Copyright 1965, American Law Institute
Division One - Intentional Harms to Persons, Land, and Chattels
Chapter 2 - Intentional Invasions of Interests in Personality
Topic 1 - The Interest in Freedom from Harmful Bodily Contact


 An actor is subject to liability to another for battery if

(a)  he acts intending to cause a harmful or offensive contact with the person of the other or a third person, or an imminent apprehension of such a contact, and

(b)  a harmful contact with the person of the other directly or indirectly results.


a.  At common law the appropriate form of action for bodily harm directly resulting from an act done with the intention stated in Clause (a) was trespass for battery. (See Scope Note to this Topic.)

b.  As to the meaning of the word "act," see § 2. As to the necessity of an act, see § 14.

c.  As to the meaning of "intending," see § 8 A. If an act is done with the intention described in this Section, it is immaterial that the actor is not inspired by any personal hostility to the other, or a desire to injure him. Thus the fact that the defendant who intentionally inflicts bodily harm upon another does so as a practical joke, does not render him immune from liability so long as the other has not consented. This is true although the actor erroneously believes that the other will regard it as a joke, or that the other has, in fact, consented to it. One who plays dangerous practical jokes on others takes the risk that his victims may not appreciate the humor of his conduct and may not take it in good part. So too, a surgeon who performs an operation upon a patient who has refused to submit to it is not relieved from liability by the fact that he honestly and, indeed, justifiably believes that the operation is necessary to save the patient's life. Indeed, the fact that medical testimony shows that the patient would have died had the operation not been performed and that the operation has effected a complete cure is not enough to relieve the physician from liability. See § 892 A, Illustration 2.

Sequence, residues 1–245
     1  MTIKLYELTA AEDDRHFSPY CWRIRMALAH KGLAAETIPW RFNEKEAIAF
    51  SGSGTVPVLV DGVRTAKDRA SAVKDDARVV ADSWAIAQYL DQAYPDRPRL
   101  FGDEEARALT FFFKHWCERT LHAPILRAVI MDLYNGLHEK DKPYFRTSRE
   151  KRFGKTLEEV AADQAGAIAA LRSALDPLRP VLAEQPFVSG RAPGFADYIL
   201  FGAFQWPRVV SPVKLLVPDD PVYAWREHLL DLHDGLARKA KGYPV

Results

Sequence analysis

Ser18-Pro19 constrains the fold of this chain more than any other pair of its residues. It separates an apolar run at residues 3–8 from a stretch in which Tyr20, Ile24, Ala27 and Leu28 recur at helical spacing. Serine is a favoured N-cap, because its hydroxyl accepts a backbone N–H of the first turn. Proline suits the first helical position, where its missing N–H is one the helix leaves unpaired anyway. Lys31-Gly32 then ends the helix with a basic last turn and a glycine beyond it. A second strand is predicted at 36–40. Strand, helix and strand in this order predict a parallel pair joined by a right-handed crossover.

d.  As to the meaning of "subject to liability," see § 5. The defendant's act must be a legal cause of the contact with the plaintiff's person, and the liability is defeated by any privilege available to the defendant under §§ 49-156. In particular, the plaintiff's consent to the contact with his person will prevent the liability. The absence of such consent is inherent in the very idea of those invasions of interests of personality which, at common law, were the subject of an action of trespass for battery, assault, or false imprisonment. Therefore the absence of consent is a matter essential to the cause of action, and it is uniformly held that it must be proved by the plaintiff as a necessary part of his case. The effect of consent is covered in §§ 892-892 D.

REPORTERS NOTES:  This Section has been changed from the first Restatement, in order to conform to the style of later Sections, in which the actor is stated to be "subject to liability," without spelling out in each Section the necessity of legal cause or the possibilities of defenses. No change in substance is intended.

As to Comment c, see the following cases of horseplay and practical jokes: Newman v. Christensen, 149 Neb. 471, 31 N.W.2d 417 (1948); Moore v. El Paso Chamber of Commerce, 220 S.W.2d 327 (Tex. Civ. App. 1949), refused no reversible error; Markley v. Whitman, 95 Mich. 236, 54 N.W. 763, 20 L.R.A. 55, 35 Am. St. Rep. 558 (1893); Reynolds v. Pierson, 29 Ind. App. 273, 64 N.E. 484 (1902); Keel v. Hainline, 331 P.2d 397 (Okla. 1958). Also Clayton v. New Dreamland Roller Skating Rink, 14 N.J. Super. 390, 82 A.2d 458 (1951), misguided attempt to help.

Compare the cases of women kissed without their consent: Ragsdale v. Ezell, 20 Ky. L. Rep. 1567, 49 S.W. 775 (1899); Liljegren v. United Railways Co. of St. Louis, 227 S.W. 925 (Mo. App. 1921); Craker v. Chicago & Northwestern R. Co., 36 Wis. 657, 17 Am. Rep. 504 (1875).